Honesty is not the best policy…it’s the only one:

Honesty is the most crucial aspect of living transparent lives.  We must first be honest with ourselves.  I remember when I finally realized I needed to become transparent.  I had to look in the mirror and be brutally honest with myself, admit that I had flaws and decide to make some serious changes.   This type of self-honesty is not one of self-condemnation but one of self-examination.  It’s a willingness to acknowledge our faultswith the hope of moving forward.  

The second step is to be honest with God.  If Jesus can handle the weight of the sin of the world, he can certainly handle whatever you and I have to say to him.  Are you hurt, angry, fearful?  Speak it!  Tell God about it!  His mercy, forgiveness and love is there for us.  I’m constantly surprised at how many people hold back their feelings with God; like He doesn’t know what’s going on inside us.  God doesn’t love us any less when we are honest.  In fact, when we are honest with God, we open our hearts for him to enter into our inner world.  When we acknowledge our true heart before Him, we allow His Grace to move and His Spirit to release us from the shackles that bind us.  in ways we cannot generate on our own.  

The third and final step is to become honest with those who are closest to us; those that we trust with our hearts.  Without total transparency, their are no authentic relationships.  This was transformative for me with my spouse and with my friends.  I’ve seen first hand how marriages take a turn for the better when spouses become totally transparent with each other.  I’ve also seen marriages struggle because one or both people are not honest and transparent.  Transparency with others is essential to our freedom.  I’m not saying that we have to share everything with the people in the cubical next to us; we must use prudence when we allow people into our lives. God asks nothing of us but that we be who we are and live as His sons and daughters, unafraid to step out of the shadows and onto the path that leads to freedom.

Access is a gain:

Have you ever been afraid to be caught doing something you knew was wrong?  Maybe a lie kept you going on and on.  When I was a teenager I was part of a ring of kids who egged houses in our neighborhood.  This went on for months.  Eventually my conscience bothered me so much I couldn’t sleep at night.  I was constantly worried about being caught.  When my mom finally caught me, I was relieved.  Once my fault was revealed I had a way out.  Don’’t get me wrong, getting caught was hard.  I had to apologize to the people whose paint peeled and whose houses smelled rotten.  I spent my Saturdays cleaning dried, baked-on eggs off houses, and I wasgrounded, which stunk.  Yet, I was relieved.  I was no longer hiding, in darkness, alone.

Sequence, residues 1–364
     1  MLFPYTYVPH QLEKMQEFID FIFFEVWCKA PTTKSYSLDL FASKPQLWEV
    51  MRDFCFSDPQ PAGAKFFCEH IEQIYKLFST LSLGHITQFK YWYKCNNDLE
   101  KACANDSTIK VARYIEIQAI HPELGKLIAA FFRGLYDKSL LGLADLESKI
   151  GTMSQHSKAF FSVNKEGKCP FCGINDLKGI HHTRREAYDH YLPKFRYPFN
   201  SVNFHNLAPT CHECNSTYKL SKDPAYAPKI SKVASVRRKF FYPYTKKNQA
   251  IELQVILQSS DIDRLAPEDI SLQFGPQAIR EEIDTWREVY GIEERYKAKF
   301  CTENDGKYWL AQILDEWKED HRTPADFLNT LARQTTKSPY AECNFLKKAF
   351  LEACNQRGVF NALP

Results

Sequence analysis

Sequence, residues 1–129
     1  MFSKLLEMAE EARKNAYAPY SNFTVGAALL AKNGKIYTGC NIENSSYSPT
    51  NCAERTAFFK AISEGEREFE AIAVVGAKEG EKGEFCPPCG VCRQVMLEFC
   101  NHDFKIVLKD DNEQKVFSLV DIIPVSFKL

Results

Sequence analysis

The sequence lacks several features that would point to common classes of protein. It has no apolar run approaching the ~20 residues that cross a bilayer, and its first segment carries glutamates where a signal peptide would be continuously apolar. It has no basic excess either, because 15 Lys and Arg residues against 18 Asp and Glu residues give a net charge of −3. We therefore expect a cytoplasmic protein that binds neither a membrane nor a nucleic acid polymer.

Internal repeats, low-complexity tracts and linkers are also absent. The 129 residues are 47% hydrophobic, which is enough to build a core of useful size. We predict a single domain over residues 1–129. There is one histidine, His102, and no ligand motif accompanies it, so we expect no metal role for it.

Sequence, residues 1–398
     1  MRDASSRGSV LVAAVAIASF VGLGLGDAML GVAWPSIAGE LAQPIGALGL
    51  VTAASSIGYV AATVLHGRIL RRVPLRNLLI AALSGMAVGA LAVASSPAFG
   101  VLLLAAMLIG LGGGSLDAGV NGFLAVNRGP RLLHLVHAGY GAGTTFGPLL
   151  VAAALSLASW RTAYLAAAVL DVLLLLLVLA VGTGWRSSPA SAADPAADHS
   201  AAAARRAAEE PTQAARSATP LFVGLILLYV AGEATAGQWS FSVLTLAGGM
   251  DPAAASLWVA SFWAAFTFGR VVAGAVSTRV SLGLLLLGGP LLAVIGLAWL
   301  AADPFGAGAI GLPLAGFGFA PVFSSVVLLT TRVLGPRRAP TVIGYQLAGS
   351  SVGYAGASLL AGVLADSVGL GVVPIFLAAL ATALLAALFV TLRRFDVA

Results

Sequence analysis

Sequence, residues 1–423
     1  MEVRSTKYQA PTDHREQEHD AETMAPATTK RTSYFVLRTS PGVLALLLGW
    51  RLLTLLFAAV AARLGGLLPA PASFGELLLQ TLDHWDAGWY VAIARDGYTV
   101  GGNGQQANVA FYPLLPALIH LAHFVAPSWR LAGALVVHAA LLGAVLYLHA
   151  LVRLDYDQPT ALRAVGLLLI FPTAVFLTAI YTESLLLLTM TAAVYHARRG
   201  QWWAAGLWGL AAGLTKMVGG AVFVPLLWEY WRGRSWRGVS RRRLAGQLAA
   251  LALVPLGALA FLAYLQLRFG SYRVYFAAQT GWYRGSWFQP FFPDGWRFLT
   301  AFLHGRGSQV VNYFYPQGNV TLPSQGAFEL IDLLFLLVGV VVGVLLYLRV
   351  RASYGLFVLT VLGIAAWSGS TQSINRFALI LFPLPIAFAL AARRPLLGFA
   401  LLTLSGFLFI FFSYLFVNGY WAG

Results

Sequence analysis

Jesus is clear that transparency will eventually come to the forefront in our lives.  He said, “There is nothing concealed that will not be revealed, nor secret that will not be known.  Therefore whatever you have said in the darkness will be heard in the light, and what you have whispered behind closed doors will be proclaimed on the housetops (LK 12:2-3).”  Since you know that, eventually, you will have to becometransparent, why not start now?  Why not head to the place where you will find authentic freedom?  Many people operate under the notion that hiding from the truth is the best way to live; however, I’ve yet to meet a person who lives in that kind of fear and darkness who is happy.  The adverse is true.  When we live with nothing to hide, we live in freedom.  

When a guy I knew finally confessed to his wife about his struggle with pornography, he was relieved.  The aftermath was hard.  She was heartbroken and healing took time; but he finally stepped out of the darkness and began to walk in freedom. 

Giving others, especially God, access into our lives is not bondage; it’s freedom.  We gain freedom when we allow ourselves to be like glass, “Hualos.”  Do people you trust have total access to the real you?  Do they have access to your calendar, bank statements, computer, emails, phone, texts, social media and vehicle?  I once struggled with keeping all things private, but this only gave me permission to hide things…even if it was little things.  However, once I allowed my life to be an open book, I stopped worrying.  My wife, kids and friends can read my phone, texts, emails, bank statements, calendar entries anytime they want.  I’m relieved about this.  When there’s nothing to hide, there’s total freedom.

It is encouraging and refreshing to meet honest, authentic and transparent people.  It’s life-giving to have a transparent spouse and transparent friends.  Most important is my own transparency, the freedom I have in my everyday life; because transparency begins and ends with me.  You and I are made to be glass and to live in freedom.  

Be who God created you to be!

-Paul